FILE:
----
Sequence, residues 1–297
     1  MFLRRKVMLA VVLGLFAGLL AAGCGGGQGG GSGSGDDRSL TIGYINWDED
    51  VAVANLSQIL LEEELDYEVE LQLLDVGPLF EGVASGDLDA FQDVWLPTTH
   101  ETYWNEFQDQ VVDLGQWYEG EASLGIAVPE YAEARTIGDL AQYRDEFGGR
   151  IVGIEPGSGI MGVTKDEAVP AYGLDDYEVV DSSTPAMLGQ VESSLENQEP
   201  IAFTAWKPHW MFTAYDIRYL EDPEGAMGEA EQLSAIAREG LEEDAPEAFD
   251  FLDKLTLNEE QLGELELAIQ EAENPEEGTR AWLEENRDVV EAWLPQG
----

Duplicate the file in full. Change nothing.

Sequence, residues 1–297
     1  MFLRRKVMLA VVLGLFAGLL AAGCGGGQGG GSGSGDDRSL TIGYINWDED
    51  VAVANLSQIL LEEELDYEVE LQLLDVGPLF EGVASGDLDA FQDVWLPTTH
   101  ETYWNEFQDQ VVDLGQWYEG EASLGIAVPE YAEARTIGDL AQYRDEFGGR
   151  IVGIEPGSGI MGVTKDEAVP AYGLDDYEVV DSSTPAMLGQ VESSLENQEP
   201  IAFTAWKPHW MFTAYDIRYL EDPEGAMGEA EQLSAIAREG LEEDAPEAFD
   251  FLDKLTLNEE QLGELELAIQ EAENPEEGTR AWLEENRDVV EAWLPQG